Binghamton University faculty and students continue to make headway on Parkinson’s disease research this semester.

Christopher Bishop, professor of psychology and director of the undergraduate integrative neuroscience program, is currently developing a therapy aimed at providing relief for those with Parkinson’s disease who suffer from L-DOPA-induced dyskinesia, a side effect caused by their chronic drug therapy. This dyskinesia is characterized by uncontrollable jaw, limb and torso spasms resulting from lack of regulation in dopamine cycling.

Parkinson’s disease is associated with cumulative dopamine loss. Bishop and his research team, including Sophie Cohen, a senior double-majoring in integrative neuroscience and Spanish, are focused on the role that serotonin, a neurotransmitter, holds in regulating the chemical balance in the brain.

“We’ve been working with antidepressants that are able to regulate these serotonin neurons that also transport dopamine so that some checks and balances are in place,” Cohen wrote in an email.

The therapy Bishop is developing involves using Vilazodone, a drug previously approved by the Food and Drug Administration (FDA) as an antidepressant. Michael Coyle, ‘19, and current research technician for this project, believes repurposing an already-FDA-approved drug is advantageous.

“We already know the drug is safe and tolerable in humans, we know how it works mechanistically and there is a much greater chance of success when repurposing drugs as compared to working with novel compounds,” Coyle wrote in an email.

Bishop’s interest in Parkinson’s disease research can be traced back to earlier in his career.

“As a recently minted Ph.D., I trained with [Paul Walker] at Wayne State University School of Medicine,” Bishop wrote in an email. “He was studying neuroplasticity in Parkinson’s disease. I was lucky enough to cultivate those ideas and transplant them into my own laboratory when I started as an assistant professor at [BU] in 2005.”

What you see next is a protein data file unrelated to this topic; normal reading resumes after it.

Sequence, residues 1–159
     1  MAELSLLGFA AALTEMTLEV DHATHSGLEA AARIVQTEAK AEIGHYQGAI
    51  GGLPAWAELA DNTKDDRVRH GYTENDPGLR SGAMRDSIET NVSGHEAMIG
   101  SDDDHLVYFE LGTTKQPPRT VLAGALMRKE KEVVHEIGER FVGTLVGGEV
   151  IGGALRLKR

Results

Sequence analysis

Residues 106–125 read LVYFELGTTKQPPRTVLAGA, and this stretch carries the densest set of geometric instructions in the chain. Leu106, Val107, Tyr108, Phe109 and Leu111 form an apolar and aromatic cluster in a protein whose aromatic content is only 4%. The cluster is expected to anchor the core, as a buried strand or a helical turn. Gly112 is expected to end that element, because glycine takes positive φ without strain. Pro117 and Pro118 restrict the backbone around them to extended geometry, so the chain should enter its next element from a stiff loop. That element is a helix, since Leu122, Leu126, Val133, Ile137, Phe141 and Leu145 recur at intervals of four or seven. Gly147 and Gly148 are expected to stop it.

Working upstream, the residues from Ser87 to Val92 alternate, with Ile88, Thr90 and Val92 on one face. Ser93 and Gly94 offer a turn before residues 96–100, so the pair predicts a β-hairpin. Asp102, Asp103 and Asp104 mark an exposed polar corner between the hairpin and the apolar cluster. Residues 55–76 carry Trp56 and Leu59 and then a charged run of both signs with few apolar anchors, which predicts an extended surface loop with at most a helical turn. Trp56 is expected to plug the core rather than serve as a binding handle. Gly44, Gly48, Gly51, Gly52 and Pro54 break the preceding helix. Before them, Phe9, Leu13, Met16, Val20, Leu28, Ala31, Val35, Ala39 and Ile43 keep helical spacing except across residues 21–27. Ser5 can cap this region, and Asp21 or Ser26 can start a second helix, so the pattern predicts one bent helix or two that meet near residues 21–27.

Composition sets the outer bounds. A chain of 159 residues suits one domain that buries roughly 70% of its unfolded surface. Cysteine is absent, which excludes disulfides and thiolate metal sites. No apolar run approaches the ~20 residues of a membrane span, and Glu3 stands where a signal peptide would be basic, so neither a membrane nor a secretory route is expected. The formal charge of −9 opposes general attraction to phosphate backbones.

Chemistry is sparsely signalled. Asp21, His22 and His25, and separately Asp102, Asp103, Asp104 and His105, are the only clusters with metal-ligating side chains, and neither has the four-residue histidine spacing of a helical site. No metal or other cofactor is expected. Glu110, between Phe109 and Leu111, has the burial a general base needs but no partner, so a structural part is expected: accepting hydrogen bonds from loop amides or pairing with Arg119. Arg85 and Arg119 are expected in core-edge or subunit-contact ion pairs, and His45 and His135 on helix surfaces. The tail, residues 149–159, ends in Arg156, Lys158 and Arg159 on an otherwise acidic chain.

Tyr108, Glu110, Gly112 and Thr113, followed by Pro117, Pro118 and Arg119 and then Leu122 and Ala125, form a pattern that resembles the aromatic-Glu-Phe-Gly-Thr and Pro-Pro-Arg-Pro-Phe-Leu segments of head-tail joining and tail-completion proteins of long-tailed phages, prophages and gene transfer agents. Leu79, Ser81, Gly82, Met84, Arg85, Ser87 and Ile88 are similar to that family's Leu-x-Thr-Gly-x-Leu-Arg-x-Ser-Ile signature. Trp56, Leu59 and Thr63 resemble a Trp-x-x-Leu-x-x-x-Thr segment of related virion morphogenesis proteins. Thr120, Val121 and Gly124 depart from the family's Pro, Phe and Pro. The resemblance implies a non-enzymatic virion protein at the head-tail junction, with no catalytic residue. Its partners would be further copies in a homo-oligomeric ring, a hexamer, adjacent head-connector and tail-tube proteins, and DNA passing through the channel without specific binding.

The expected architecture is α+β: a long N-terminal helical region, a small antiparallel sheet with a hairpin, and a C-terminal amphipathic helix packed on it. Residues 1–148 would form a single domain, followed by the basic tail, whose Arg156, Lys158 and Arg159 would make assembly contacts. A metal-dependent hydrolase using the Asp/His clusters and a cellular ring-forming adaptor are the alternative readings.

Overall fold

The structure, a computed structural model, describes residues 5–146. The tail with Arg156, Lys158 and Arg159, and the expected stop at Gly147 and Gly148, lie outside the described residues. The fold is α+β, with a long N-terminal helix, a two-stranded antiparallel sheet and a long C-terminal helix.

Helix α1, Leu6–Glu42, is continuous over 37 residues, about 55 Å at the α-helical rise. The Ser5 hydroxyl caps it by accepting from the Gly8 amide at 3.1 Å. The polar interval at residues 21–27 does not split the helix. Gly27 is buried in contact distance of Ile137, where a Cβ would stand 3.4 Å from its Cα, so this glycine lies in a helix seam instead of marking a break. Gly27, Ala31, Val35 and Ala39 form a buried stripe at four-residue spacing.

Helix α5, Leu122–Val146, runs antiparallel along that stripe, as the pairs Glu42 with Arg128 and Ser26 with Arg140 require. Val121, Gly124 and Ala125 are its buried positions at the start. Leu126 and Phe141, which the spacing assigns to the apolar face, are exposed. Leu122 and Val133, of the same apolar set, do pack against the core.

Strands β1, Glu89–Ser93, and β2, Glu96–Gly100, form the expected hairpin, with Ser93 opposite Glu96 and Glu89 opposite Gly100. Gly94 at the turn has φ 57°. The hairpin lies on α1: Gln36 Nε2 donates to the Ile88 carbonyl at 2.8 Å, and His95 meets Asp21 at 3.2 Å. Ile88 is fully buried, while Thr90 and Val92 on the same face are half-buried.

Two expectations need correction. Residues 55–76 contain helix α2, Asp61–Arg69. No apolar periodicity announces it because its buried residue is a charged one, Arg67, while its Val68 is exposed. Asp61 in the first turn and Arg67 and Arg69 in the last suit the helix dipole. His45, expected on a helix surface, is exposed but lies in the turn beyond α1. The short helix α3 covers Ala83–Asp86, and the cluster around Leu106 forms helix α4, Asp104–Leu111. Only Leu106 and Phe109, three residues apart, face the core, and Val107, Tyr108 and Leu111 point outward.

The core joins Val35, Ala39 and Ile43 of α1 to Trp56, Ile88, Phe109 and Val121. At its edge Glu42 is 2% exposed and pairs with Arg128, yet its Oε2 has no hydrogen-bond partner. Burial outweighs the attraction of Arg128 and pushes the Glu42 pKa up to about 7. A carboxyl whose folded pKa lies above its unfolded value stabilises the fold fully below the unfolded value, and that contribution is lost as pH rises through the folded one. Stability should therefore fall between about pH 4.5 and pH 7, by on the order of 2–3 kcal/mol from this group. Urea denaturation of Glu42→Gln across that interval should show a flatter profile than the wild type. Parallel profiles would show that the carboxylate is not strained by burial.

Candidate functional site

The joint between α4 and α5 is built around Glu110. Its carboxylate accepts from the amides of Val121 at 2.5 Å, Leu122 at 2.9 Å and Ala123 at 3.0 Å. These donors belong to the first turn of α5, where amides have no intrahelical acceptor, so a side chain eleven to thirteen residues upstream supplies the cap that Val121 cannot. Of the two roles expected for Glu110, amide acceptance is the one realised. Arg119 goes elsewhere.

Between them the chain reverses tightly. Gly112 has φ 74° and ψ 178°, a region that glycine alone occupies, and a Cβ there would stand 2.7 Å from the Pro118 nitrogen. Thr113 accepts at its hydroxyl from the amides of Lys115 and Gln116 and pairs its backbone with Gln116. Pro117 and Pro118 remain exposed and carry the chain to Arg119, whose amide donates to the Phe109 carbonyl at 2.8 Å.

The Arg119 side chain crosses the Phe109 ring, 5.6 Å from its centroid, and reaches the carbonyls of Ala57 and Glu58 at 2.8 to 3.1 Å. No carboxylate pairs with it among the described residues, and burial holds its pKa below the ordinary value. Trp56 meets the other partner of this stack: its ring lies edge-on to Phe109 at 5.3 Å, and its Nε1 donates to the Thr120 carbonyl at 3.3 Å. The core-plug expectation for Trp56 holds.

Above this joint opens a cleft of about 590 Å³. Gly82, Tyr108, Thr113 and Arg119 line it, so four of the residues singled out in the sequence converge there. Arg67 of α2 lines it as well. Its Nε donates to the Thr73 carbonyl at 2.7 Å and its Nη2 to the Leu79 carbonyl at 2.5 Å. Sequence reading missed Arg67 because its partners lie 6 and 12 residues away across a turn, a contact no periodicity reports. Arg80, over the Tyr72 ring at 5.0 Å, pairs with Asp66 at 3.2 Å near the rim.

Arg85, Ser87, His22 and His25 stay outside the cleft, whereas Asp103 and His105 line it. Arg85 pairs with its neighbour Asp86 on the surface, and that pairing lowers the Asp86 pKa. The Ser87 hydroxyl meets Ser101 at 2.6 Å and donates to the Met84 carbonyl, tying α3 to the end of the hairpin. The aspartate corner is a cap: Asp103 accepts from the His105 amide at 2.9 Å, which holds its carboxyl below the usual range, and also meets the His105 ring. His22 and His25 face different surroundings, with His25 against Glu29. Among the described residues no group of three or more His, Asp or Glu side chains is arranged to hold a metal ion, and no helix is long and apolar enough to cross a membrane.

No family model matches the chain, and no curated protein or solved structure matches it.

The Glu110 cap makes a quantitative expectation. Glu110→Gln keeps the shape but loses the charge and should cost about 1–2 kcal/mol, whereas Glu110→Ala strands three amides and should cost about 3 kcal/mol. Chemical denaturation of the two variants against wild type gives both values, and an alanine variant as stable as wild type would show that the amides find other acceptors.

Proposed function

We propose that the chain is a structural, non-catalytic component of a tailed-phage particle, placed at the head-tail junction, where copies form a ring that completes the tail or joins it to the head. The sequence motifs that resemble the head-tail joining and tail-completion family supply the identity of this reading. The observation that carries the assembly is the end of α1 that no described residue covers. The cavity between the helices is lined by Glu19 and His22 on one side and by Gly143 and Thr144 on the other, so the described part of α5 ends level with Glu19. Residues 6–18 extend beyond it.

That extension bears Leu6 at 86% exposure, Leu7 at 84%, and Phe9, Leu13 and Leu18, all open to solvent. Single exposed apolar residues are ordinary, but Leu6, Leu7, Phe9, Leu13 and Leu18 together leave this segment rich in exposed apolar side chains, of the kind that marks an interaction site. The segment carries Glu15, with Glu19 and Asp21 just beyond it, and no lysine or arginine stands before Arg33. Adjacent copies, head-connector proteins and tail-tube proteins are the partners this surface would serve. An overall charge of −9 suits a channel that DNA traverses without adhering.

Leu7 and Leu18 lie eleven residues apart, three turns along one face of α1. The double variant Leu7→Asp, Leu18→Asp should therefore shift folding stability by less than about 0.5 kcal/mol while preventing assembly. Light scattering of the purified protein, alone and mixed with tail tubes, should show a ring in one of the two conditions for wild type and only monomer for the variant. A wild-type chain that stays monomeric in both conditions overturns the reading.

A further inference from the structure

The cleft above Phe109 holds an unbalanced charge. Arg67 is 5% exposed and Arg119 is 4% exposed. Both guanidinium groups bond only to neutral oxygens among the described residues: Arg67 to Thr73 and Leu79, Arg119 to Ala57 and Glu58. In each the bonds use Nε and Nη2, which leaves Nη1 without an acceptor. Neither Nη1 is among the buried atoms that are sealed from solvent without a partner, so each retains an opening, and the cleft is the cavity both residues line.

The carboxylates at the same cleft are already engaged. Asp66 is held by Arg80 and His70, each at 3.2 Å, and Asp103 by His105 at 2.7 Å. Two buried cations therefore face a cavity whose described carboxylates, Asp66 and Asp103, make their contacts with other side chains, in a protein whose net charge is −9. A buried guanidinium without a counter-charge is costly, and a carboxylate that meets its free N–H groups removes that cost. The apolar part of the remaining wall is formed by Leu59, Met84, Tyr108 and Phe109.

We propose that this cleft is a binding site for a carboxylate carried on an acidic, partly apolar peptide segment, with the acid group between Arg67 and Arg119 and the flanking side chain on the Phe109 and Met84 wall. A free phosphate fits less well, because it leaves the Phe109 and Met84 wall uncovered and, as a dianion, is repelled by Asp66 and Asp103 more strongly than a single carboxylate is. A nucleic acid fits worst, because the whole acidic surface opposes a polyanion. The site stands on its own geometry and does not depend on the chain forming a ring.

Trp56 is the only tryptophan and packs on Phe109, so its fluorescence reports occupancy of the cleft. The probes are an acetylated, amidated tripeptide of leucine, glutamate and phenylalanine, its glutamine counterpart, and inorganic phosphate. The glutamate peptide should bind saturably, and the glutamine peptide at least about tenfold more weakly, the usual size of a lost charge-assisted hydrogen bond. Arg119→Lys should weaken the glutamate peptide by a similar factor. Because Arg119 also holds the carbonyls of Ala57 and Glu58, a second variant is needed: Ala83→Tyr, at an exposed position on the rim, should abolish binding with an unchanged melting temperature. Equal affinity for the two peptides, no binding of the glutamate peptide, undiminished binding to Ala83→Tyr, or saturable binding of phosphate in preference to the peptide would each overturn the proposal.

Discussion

Bishop’s research with Parkinson’s disease has advanced since first commencing this work.

“I started studying Parkinson’s disease in 2001 with [Walker],” Bishop wrote. “Since that time, we have not only focused on translating treatments for Parkinson’s disease and treatment-related side effects, but we have broadened our interests to include the study of exercise interventions in Parkinson’s disease and less-studied but equally important non-motor symptoms of Parkinson’s disease, like depression, anxiety and psychosis.”

Bishop said he is eager to see how his project continues to progress.

“We hope to advance this project on two fronts,” Bishop wrote. “First, by understanding how our drugs work, we can gain a better understanding of the basic neurobiology of Parkinson’s disease. Second, we hope to partner with [the] industry to repurpose safe, FDA-approved drugs for improved treatment of Parkinson’s disease patients.”

Bishop believes that his time at BU has facilitated his progress with this project.

“[BU] has been integral to my success,” Bishop wrote. “The institution and my department are supportive of research, the facilities are state-of-the-art and the students, both undergraduate and graduate, have been instrumental in driving our work forward.”

Bishop’s lab is supported by the efforts of numerous graduate and undergraduate students. Cohen said she enjoys the collaborative environment of Bishop’s lab.

“We work very collaboratively with one another on projects and training,” Cohen wrote. “This not only gives graduate students the support they need to complete their theses but also provides opportunities for [undergraduates] to get a very hands-on experience working in the lab, which is rare and vital for curating a strong scientific background.”

Over the years, Bishop’s lab has gained the support of numerous scientific organizations.

“Bishop Lab has also been accepted into [BU] XCEED and the National Science Foundation’s Regional I-Corps classes, both of which are aimed at gathering the information, tools and connections necessary to make sure Treatment X can reach the patients in need in a timely fashion,” Coyle wrote.

This acknowledgment opened communication between the pharmaceutical companies and Bishop’s laboratory team.

“Thanks to these programs, I’ve been getting in contact with all kinds of people: directors of [Parkinson’s disease] research within pharmaceutical companies, neurologists specializing in movement disorders, venture capital groups and biotech startups,” Coyle wrote.